About the "Harry\'s Diary" chapter in Veeck\'s The Hustler\'s Handbook, Asinof wrote, "Veeck told me how impressed he was that E.M.O. was so like The Diary (which he discovered when he took over the Sox." Later, in our meeting, Asinof said that he once had a typewritten version of "The Diary," but had lost it.
We next corresponded in January 2003. By then I was getting curious to dig into sources closer to the events of 1919, and if Asinof had interviewed Happy Felsch and others, his papers or tapes might have some nuggets. "I am keeping all my research material, at least what is left of it. The Hall has something related to Jackson, but nothing more. (I may have donated something to the U. of Chi but I forgot exactly what it was.)" I don\'t believe that I ever followed up with the U. of Chi, but Cooperstown did not seem to have whatever Asinof may have given them on Jackson.
In March 2003, I wrote to Asinof again, noting that my research was "nearly complete." Little did I know! I sent him a section (probably the one involving 8MO), noting that I had drawn not just on his two B-Sox books, but also on 1919 and his ESPN Classic internet article, and on a talk he had given in Cooperstown several years earlier, which I had attended. I asked again for his source about Jackson begging to be benched. This letter drew no reply.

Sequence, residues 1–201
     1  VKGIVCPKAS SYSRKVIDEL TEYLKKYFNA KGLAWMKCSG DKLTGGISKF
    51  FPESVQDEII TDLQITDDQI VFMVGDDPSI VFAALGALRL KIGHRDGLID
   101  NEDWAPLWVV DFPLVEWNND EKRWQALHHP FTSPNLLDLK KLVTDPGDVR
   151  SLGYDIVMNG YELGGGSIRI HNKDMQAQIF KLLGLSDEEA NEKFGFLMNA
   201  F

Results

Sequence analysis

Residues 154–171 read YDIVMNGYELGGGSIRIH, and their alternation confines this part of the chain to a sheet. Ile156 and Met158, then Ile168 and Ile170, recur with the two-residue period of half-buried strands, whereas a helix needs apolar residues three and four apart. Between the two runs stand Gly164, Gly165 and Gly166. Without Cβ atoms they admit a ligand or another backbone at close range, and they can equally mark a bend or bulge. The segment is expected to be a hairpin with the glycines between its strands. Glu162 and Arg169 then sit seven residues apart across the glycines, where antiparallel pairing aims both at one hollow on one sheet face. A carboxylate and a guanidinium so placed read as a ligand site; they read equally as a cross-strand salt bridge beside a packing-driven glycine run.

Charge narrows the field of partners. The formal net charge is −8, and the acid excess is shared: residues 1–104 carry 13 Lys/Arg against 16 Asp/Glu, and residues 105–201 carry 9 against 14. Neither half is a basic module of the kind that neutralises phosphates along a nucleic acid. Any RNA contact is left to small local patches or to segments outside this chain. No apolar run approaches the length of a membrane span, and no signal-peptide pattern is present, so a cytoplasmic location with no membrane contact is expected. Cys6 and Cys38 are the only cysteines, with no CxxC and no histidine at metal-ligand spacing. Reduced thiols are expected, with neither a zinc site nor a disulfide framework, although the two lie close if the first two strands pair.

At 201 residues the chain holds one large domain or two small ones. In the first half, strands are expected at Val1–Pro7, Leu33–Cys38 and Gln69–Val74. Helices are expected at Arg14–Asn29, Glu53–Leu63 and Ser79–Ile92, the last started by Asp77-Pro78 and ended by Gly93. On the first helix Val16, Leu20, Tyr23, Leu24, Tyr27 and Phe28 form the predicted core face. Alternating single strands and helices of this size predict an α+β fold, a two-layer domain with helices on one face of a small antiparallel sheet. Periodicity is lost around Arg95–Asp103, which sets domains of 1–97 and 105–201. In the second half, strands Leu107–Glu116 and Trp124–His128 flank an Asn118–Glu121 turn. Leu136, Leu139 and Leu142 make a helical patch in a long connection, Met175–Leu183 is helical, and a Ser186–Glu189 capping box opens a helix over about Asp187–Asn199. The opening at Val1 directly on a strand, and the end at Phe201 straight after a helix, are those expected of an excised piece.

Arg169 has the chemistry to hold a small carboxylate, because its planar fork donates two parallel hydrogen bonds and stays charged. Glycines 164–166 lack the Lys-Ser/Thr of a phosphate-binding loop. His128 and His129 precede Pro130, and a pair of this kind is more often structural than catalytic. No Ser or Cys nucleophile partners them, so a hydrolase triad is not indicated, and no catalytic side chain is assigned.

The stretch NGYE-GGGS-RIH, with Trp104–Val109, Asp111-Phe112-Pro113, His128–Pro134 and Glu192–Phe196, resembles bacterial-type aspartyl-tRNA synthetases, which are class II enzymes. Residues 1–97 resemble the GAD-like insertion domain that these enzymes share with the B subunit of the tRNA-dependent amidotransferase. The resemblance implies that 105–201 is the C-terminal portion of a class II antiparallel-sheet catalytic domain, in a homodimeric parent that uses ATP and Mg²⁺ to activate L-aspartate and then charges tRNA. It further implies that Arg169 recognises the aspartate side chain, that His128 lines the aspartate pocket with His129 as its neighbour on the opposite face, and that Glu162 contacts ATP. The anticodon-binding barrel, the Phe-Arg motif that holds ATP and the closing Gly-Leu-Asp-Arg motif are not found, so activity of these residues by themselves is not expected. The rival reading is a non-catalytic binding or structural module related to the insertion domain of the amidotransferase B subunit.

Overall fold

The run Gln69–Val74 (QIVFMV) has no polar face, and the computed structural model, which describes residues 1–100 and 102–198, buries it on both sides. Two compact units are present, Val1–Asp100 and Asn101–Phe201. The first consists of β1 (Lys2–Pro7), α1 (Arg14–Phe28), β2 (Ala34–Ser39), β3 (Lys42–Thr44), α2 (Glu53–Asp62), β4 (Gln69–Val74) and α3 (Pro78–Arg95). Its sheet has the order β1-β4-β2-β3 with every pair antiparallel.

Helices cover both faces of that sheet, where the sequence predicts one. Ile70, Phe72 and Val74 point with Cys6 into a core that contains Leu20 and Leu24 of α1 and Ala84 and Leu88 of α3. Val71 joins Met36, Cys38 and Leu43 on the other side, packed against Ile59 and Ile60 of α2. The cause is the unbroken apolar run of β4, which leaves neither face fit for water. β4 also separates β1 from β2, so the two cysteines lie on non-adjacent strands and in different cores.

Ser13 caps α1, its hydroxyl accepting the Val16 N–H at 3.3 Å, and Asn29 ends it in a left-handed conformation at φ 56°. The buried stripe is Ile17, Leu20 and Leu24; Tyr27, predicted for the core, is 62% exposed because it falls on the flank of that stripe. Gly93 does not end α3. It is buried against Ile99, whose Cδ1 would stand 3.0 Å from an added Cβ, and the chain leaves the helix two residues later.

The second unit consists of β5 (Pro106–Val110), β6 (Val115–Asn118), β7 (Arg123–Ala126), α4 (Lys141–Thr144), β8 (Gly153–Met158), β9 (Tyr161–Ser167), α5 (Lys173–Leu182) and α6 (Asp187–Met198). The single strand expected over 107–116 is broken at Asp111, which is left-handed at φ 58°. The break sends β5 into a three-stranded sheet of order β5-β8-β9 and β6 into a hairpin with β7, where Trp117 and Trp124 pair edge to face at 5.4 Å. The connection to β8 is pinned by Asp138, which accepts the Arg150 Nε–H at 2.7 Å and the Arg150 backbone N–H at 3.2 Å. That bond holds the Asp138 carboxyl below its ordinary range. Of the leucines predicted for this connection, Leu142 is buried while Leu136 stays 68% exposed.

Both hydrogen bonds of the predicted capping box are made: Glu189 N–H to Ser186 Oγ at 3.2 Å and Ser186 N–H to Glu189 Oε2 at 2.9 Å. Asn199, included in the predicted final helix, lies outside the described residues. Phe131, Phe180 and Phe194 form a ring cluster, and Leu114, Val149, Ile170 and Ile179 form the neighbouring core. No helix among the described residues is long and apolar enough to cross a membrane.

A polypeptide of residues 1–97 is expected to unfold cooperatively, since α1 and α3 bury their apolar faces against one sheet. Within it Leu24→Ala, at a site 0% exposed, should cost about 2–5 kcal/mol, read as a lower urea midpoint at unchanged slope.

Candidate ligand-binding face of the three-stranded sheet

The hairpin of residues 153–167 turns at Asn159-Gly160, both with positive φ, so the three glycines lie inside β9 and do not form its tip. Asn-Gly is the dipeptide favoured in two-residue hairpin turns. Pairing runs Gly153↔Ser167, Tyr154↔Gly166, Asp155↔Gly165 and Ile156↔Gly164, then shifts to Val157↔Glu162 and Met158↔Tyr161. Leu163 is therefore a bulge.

Then we met. "Notes from a Road Trip" appeared in Notes #305, soon after our Labor Day weekend 2003 visit. After that meeting, I asked Eliot if he\'d be interested in reading my manuscript, and he agreed. I sent him one chapter at a time.
His response to Chapter One -- on the Milwaukee trial, Donald Gropman\'s book, my criticism of Jerome Holtzman -- was swift and positive. "Your first chapter is terrific. Don\'t worry about trashing Holtzman [Asinof and "Jerry" were friends, I knew] as long as you\'re true to your material. The 1924 trial seems to represent all the insidious complexities of the scandal."
On Abe Attell, whom Asinof had interviewed many times in his own research:
Abe Attell called [the Fix] \'cheaters cheating cheaters\' a moral wrap-up that keeps going round and round. Though he was an A-1 thief and liar, he told me after EMO was published that I had written a right book. He was proud of his role; Curiously, several years ago I considered writing a novel about the scandal using Abe as its central character because he best represented the kind of betrayals Americans seem to excel in.